When I was in business school, there was a clear theme in all the leadership classes –develop a great team. It was presented in different ways, different contexts, for different purposes, but ultimately, it boiled down to this: great leaders cultivate great teams.
I drank the kool aid and am a staunch believer that leadership means understanding who you need, in what roles, to achieve success.
Yet, also while in business school, I started writing my first novel, Circumstance & Destiny, with no team at all. It was a yin/yang thing – Writing was yin, Business was yang (or vice versa.) I approached writing as a completely solitary activity. I wrote, I edited, I wrote some more. I self-published, and while I paid a talented cover designer and skilled line editor, I wrote it all myself. No team.
What was I thinking?
Needless to say, C&D has not been a huge success.
In the past couple of years, since dipping my toe in the writing waters, I have begun reading acknowledgments of the books I read. I am struck by the hordes of people that are thanked, and quite frankly, were integral parts of getting that book on the shelves. In Roomies, popular writing duo Christina Lauren thanked no less than 18 people (I counted).
I was reminded of the value of a team yesterday, after I met with my new critique partners. They gracefully and candidly poked holes in my latest novel –a novel I would have published, holes and all, next week, if I hadn’t gotten such great input. Yikes! Now I am reviewing the plot, writing character profiles, and tweaking, tweaking, tweaking. I feel like I survived a near miss. Thank you, ladies. I am grateful to have such talented teammates.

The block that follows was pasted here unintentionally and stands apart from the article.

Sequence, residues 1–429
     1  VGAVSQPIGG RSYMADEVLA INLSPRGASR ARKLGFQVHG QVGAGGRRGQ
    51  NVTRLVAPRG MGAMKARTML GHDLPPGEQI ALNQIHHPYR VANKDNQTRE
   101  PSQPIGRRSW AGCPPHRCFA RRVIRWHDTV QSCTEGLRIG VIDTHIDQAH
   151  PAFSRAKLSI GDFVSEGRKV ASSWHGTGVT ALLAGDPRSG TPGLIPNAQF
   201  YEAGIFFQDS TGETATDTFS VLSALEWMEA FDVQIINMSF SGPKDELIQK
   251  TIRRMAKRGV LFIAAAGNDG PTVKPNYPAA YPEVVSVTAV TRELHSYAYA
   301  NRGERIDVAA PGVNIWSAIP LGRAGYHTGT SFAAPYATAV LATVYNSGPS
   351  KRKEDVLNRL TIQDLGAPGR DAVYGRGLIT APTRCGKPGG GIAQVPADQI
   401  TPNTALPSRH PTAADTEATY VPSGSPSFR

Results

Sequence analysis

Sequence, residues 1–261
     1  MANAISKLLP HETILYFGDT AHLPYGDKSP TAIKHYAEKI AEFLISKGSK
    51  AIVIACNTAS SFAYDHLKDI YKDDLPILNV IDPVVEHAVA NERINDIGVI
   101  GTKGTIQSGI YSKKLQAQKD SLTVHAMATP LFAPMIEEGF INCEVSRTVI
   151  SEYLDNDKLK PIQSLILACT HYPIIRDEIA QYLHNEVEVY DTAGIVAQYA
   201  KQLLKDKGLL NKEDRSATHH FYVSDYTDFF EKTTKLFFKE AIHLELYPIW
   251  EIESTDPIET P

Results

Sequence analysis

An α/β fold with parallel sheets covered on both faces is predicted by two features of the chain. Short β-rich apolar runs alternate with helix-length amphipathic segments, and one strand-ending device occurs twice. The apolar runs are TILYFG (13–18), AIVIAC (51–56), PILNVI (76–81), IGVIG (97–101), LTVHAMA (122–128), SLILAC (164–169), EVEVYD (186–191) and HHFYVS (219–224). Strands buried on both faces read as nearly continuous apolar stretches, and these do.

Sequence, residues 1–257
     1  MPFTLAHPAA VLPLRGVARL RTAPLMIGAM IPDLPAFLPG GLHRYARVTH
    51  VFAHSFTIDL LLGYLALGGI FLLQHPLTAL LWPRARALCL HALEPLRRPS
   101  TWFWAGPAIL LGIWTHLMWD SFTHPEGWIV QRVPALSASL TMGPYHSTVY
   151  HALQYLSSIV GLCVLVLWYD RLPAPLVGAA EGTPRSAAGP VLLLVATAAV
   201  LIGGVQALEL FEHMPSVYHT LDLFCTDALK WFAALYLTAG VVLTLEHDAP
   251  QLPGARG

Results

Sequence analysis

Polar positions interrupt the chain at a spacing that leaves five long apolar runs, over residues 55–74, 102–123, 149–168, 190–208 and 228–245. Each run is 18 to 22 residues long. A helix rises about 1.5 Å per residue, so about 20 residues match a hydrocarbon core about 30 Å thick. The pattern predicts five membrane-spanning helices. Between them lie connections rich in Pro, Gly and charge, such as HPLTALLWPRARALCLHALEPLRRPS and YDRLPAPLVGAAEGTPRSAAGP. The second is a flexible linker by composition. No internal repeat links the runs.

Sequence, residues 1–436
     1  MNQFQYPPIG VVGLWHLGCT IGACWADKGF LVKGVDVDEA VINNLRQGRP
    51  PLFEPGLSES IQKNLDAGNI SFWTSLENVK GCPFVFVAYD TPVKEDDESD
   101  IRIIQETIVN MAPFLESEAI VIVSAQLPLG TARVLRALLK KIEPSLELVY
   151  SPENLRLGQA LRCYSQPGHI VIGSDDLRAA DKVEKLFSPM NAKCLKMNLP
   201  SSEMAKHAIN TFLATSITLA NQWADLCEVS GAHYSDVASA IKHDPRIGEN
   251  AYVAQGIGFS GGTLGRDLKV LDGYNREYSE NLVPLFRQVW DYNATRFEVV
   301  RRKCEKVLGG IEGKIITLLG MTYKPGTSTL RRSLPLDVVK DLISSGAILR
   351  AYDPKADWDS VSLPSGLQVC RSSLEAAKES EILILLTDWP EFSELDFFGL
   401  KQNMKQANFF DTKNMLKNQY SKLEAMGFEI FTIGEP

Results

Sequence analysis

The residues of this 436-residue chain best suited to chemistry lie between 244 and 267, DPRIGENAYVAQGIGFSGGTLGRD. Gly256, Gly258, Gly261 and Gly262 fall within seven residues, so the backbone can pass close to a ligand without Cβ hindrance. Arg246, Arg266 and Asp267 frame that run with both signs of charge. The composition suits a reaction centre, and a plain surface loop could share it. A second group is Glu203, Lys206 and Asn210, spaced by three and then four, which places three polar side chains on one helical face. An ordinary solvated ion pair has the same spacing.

I’ll leave you with this quote from Mother Teresa, which sums it up.
“You can do what I cannot do. I can do what you cannot do. Together we can do great things.”
Great point. Often as an “artist” we think we have to do it all. Come up with the idea, nurture it, execute it, and put it out there. Getting an outsiders view on the idea can save us lots of time and wasted effort and teach us. I’ve found it’s so much better to give up a little of that control, brainstorm with others and lets their questions and ideas add to your own. Plotting sessions with friends on writing retreats have been awesome!
Pulling out my new plotting notecards as we speak…